Critics label Scoop 'self-admiring' but celebrate Billie Piper and Rufus Sewell

The film is out now on Netflix

Scoop (Netflix)
Scoop dramatises the events leading up to Newsnight's 2019 interview with Prince Andrew after he was accused of sex trafficking with Jeffrey Epstein. (Netflix)

Prince Andrew's infamous Newsnight interview has been recreated for the small screen thanks to Netflix, with a film adaptation Scoop which stars Gillian Anderson, Rufus Sewell and Billie Piper.

The interview took place in 2019, where the shamed prince (Sewell) answered questions from Newsnight journalist Emily Maitlis (Anderson) after he was hit with allegations of sex trafficking with Jeffrey Epstein. The accusations and interview led to Prince Andrew stepping away from his royal duties, and he paid a financial settlement to his alleged victim, Virginia Giuffre, who was 17 at the time of the alleged incident.

Netflix explores the interview itself but also what it took to procure the interview, namely Newsnight producer Sam McAlister's (Piper) fight to get it. But critics were in two minds about the film, commenting on how the film did not add much to what we already knew from the real event but it was acted well all the same.

The Guardian's Peter Bradshaw was one of the critics to feel this way about Scoop, writing: "Here is a laboriously acted and distinctly self-admiring, self-mythologising drama about the media, the royals and the media royals."

Scoop (Netflix)
Scoop stars Gillian Anderson, Rufus Sewell and Billie Piper as Emily Maitlis, Prince Andrew and Sam McAlister, respectively. (Netflix)

While not overly enthused by the film, Bradsaw did commend Rufus Sewell in particular for his take on Prince Andrew. Highlighting one scene, the critic added: "There is one spark: when Prince Andrew is shown humiliating a female underling for mishandling his collection of soft toys. It’s a flash of black-comic horror and Sewell has something to get his teeth into as an actor. Otherwise, the drama is smothered by its own overwhelming sense of importance."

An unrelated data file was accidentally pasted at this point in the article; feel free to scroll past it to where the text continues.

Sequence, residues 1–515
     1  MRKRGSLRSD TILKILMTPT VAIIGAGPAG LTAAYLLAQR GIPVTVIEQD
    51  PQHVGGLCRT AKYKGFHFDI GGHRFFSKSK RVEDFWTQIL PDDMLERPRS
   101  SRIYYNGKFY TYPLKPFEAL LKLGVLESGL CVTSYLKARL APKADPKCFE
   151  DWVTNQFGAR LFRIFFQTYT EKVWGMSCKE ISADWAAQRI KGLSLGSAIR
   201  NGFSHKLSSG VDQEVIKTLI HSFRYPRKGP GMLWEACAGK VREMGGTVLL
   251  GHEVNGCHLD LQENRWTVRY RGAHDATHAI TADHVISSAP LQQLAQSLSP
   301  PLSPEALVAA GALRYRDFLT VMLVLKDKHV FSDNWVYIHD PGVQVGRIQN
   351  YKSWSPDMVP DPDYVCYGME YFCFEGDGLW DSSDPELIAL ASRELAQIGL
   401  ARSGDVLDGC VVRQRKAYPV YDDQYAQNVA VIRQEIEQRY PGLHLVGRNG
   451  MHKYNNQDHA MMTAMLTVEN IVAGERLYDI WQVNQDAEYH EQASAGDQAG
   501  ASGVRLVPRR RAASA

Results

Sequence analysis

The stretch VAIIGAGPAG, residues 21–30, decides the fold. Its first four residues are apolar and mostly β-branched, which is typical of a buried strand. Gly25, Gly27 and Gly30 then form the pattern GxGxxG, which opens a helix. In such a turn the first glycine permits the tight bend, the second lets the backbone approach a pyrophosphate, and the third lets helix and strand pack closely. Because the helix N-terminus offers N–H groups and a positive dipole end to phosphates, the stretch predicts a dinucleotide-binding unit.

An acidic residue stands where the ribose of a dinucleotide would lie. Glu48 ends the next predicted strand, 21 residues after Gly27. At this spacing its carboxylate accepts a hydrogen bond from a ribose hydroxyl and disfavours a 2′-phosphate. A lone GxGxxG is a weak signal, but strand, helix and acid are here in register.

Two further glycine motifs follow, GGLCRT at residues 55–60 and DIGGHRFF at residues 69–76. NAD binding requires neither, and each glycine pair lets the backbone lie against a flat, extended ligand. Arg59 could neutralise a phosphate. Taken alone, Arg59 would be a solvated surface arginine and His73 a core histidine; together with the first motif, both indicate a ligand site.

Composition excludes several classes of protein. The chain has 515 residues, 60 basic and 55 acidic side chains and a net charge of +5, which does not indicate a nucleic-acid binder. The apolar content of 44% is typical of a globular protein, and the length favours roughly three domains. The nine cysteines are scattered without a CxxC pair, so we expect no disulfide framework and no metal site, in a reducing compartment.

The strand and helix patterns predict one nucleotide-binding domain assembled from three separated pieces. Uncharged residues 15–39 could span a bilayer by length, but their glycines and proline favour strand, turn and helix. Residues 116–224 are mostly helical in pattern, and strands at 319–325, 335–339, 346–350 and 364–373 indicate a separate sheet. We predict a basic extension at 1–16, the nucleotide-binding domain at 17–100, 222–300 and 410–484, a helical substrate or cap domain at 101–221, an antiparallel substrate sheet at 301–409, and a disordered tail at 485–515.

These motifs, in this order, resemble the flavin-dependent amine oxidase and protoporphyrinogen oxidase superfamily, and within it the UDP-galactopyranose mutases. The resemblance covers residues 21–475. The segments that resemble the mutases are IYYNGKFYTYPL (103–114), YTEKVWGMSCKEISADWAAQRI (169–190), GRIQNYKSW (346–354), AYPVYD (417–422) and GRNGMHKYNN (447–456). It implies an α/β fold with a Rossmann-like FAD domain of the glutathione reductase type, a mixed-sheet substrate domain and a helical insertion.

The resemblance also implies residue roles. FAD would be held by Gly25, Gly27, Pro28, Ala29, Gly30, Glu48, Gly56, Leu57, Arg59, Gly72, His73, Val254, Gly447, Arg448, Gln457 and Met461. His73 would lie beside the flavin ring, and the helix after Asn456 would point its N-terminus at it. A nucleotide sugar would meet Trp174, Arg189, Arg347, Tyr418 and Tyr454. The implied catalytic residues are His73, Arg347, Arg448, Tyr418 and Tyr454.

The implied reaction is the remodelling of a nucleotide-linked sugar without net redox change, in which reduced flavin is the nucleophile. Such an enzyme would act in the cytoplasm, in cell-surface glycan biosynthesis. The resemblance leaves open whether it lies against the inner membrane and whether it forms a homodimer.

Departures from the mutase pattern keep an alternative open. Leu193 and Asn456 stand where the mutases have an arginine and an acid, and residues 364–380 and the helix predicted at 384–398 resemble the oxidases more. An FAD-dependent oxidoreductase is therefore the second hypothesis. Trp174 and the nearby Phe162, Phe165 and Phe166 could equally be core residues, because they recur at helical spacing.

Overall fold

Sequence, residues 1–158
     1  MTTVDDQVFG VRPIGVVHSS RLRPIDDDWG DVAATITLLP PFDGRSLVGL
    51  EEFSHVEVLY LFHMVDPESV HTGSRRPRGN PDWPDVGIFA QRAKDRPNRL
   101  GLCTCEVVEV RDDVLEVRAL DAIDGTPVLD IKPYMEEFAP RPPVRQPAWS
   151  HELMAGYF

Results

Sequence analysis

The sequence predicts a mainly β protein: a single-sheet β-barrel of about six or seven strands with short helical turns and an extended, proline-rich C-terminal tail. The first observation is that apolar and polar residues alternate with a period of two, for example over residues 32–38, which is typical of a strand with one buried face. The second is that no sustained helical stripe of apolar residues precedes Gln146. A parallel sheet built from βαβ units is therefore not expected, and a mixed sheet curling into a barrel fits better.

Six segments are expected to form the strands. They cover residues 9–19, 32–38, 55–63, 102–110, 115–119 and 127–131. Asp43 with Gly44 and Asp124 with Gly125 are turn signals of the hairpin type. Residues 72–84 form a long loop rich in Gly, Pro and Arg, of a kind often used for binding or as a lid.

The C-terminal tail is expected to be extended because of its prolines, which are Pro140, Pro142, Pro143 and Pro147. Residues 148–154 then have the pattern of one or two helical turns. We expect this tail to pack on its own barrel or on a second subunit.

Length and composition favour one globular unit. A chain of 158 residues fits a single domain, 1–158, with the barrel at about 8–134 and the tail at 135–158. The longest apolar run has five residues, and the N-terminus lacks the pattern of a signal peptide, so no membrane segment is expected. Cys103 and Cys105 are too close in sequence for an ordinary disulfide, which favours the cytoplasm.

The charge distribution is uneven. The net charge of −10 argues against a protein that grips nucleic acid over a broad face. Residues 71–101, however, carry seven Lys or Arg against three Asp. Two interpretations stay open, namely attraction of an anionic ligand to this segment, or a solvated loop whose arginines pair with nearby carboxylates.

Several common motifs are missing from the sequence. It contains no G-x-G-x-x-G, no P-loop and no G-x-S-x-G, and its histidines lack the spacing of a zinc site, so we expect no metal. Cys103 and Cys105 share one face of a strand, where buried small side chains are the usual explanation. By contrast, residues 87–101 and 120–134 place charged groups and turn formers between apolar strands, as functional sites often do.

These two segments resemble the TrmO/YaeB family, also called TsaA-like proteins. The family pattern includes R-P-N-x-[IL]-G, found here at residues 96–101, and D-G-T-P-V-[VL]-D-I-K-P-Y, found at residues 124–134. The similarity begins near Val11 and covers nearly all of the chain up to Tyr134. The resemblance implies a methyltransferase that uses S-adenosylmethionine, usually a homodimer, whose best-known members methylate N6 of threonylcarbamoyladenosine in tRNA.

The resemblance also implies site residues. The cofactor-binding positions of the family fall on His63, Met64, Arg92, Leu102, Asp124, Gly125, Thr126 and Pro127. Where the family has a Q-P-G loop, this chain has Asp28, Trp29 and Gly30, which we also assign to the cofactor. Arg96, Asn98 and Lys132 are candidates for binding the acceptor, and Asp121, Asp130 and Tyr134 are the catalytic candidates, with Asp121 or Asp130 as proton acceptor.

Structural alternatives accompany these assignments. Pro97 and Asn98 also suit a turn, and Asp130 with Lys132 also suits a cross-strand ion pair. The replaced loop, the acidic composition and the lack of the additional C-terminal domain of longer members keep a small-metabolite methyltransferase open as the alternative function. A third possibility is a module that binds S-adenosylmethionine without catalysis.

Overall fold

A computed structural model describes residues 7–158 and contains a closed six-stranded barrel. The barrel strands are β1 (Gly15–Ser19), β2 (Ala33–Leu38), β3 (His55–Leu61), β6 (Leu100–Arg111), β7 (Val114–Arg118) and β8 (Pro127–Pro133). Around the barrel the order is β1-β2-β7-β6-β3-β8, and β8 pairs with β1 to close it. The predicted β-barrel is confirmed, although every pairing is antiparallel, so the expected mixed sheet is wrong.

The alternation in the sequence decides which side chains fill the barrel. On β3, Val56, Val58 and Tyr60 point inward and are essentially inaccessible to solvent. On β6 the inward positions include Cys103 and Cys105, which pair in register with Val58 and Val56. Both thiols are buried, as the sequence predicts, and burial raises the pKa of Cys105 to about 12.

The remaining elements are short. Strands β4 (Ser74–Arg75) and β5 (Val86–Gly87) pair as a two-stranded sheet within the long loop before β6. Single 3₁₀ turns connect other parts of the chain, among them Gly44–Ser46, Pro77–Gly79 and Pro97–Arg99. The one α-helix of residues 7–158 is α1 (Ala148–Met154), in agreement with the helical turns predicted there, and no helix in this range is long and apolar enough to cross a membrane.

Read more: The biggest revelations from Prince Andrew's 'car crash' Newsnight interview

The Independent critic Clarisse Loughrey said the film recreates the events of the interview "immaculately" but it is "uncomfortably smug about a hollow victory", with Loughrey pointing out that it doesn't give victims like Giuffre more than a passing comment.

The critic added: "There remain real questions about mainstream media’s ability to hold the powerful to account. But Scoop, which declares it a job-well-done simply to see a man stripped of honorary titles without ever having to defend himself in a criminal court, fails to make the argument for why any of this mattered beyond making good TV."

Scoop (Netflix)
Critics spoke of how the film added nothing new to what viewers likely already know about the interview, but they hailed Billie Piper's performance as Sam McAlister. (Netflix)